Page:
|Date(s):||July 3, 1862|
|Tag(s):||Civil War, Education, family, Letters Home, Soldier's letter|
|Course:||“Civil War and Reconstruction,” Juniata College|
In a letter from R. Emmett Martin to his wife, one can see the content, yet suffering state of mind that most Confederate soldiers were in during the days following the Seven Days Battle. Soldiers wanted to be cheerful as they had just won a battle, but were seemingly unable to muster that emotion because of the losses they endured. The Seven Days Battle was technically a Confederate victory. However, historians wonder if it should be considered a victory at all, as the South suffered immense losses. Martin demonstrated how distressed many southern soldiers were from the deaths and wounds of comrades and the prolonged time and distance between themselves and their loved ones. Other than the effects of the Seven Days Battle on the Confederacy, it also becomes obvious in this letter how poorly educated some of the soldiers were who were fighting in the Civil War.
James McPherson, author of Battle Cry of Freedom, has discussed how devastating the Seven Days Battle was to the southern troops. McPherson reports that the Confederate’s “total causalities in these six contests exceeded Union casualties by 20,000 men.” R. Emmett Martin emphasized this reality as he named off several soldiers he knew who fell that day. Martin summarized that “Our regiment lost in killed and wounded one hundred and twenty six [men].” It is questionable how southerners were supposed to consider this battle a victory when they had lost so much.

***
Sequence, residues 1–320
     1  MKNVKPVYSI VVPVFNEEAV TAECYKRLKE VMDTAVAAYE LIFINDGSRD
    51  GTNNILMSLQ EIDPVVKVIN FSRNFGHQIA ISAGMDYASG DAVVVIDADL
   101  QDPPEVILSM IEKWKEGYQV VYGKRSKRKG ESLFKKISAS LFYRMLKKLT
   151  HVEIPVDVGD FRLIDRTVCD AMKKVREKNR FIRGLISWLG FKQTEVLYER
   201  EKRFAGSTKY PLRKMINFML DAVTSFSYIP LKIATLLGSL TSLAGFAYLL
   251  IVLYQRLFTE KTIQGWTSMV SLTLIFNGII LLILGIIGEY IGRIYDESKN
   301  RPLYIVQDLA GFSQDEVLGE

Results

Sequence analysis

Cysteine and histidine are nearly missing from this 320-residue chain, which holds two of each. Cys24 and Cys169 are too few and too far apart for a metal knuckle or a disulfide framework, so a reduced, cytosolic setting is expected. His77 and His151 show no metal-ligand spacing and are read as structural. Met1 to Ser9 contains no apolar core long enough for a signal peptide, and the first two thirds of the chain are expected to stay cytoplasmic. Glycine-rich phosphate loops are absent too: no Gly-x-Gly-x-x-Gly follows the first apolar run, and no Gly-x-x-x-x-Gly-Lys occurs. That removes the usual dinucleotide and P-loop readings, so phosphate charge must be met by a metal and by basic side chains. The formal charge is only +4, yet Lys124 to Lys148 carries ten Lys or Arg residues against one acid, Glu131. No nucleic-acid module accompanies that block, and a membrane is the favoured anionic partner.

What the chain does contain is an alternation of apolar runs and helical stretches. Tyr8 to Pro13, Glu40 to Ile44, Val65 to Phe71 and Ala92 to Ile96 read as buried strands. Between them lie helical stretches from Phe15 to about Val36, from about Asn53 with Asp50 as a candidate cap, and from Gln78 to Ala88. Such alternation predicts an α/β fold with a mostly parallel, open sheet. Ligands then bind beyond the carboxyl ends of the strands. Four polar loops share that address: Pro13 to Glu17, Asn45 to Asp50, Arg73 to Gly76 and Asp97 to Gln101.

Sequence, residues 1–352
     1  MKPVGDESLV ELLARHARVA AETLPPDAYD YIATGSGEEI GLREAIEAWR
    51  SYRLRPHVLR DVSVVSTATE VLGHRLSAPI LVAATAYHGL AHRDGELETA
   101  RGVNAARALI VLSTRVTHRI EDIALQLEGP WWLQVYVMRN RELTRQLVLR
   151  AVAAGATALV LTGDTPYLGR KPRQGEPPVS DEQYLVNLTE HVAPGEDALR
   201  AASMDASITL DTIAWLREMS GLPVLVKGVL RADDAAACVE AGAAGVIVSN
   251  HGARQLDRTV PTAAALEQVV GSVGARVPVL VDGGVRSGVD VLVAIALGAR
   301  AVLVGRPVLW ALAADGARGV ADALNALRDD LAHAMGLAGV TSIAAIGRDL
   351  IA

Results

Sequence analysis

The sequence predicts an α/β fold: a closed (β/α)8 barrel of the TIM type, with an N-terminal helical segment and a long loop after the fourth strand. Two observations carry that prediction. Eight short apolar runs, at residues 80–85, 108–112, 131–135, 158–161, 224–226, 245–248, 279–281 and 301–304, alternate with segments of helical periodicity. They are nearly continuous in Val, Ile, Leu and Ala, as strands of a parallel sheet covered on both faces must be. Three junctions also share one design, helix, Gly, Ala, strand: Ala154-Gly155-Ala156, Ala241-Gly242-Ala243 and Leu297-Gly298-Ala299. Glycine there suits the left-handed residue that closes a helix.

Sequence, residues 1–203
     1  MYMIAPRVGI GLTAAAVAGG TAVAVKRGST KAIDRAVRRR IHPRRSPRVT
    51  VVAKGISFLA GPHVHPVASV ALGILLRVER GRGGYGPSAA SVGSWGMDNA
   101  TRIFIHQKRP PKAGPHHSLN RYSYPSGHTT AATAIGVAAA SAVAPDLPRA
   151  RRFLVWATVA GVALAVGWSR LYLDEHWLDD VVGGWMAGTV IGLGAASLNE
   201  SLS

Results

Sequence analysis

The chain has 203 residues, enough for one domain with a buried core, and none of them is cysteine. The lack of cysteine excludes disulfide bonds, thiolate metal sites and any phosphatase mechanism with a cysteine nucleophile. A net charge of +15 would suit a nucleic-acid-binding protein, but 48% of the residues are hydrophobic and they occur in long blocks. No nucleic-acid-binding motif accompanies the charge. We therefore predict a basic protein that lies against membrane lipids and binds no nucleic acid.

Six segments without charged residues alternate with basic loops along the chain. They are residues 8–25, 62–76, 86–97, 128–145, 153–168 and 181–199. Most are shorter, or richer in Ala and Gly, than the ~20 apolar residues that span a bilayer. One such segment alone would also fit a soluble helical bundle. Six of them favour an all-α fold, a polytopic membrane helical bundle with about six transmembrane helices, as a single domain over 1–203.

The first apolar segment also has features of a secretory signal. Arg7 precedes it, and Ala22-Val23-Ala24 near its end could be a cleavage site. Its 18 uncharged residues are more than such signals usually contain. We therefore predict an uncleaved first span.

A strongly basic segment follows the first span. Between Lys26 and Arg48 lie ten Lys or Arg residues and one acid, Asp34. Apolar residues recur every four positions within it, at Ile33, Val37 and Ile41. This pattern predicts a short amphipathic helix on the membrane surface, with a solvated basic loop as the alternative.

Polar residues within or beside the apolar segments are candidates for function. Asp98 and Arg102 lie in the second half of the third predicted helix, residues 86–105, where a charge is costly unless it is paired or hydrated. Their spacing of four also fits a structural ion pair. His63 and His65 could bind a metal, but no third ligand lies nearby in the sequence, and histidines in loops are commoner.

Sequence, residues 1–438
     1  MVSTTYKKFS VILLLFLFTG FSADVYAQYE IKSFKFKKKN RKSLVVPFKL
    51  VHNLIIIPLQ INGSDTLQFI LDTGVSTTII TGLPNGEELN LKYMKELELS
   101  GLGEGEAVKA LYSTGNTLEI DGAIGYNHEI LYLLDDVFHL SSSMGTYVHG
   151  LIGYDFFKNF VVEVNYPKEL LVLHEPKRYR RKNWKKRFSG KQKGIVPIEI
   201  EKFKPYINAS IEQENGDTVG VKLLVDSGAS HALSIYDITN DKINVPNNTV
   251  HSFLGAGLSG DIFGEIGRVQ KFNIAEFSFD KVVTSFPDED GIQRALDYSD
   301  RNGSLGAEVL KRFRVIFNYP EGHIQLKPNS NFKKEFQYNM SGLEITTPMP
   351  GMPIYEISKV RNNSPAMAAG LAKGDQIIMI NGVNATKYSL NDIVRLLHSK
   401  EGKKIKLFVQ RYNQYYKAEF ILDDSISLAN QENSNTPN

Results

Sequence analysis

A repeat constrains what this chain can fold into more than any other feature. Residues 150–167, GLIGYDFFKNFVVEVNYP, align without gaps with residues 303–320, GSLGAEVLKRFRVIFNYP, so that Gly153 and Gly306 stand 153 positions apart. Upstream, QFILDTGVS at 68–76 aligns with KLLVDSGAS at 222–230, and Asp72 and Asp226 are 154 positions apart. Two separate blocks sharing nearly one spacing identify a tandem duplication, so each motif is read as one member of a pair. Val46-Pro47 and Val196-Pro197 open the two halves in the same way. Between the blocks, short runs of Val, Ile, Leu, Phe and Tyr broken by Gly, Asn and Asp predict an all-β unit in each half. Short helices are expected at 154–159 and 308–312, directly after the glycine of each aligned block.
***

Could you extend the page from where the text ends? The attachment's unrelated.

The importance of family is also emphasized in Martin’s letter. These soldiers had lives and families waiting for them to return home. Martin showed how important his family was to him as he began his letter: “I write in a haste and only a few lines to inform you of my safety after the hard fought Battle…” Martin spent his spare moments on writing letters to reassure his family that he was still alive. At the end of the letter, he also promises to write again, and in more detail, when he had more time.
Lastly, R. Emmett Martin’s letter shows a stereotypical southern Civil War soldier. It seems as though Martin could not have gone more than a few lines in his letter without a spelling error. For example, “I was in with the regimant,” and “it was an awfull hot place.” These spelling errors also could have been due to other factors such as hurrying to write. However, Frank E. Smitha, a lifelong researcher of history and philosophy, explains that southerners overall were in fact poorly educated during this time compared to their northern counterparts. He states that “Of the nation's 321 public high schools only 30 were in the South.”
Overall, the letter from R. Emmett Martin reiterated many ideas from McPherson, and brought plenty of new ideas to the table as well.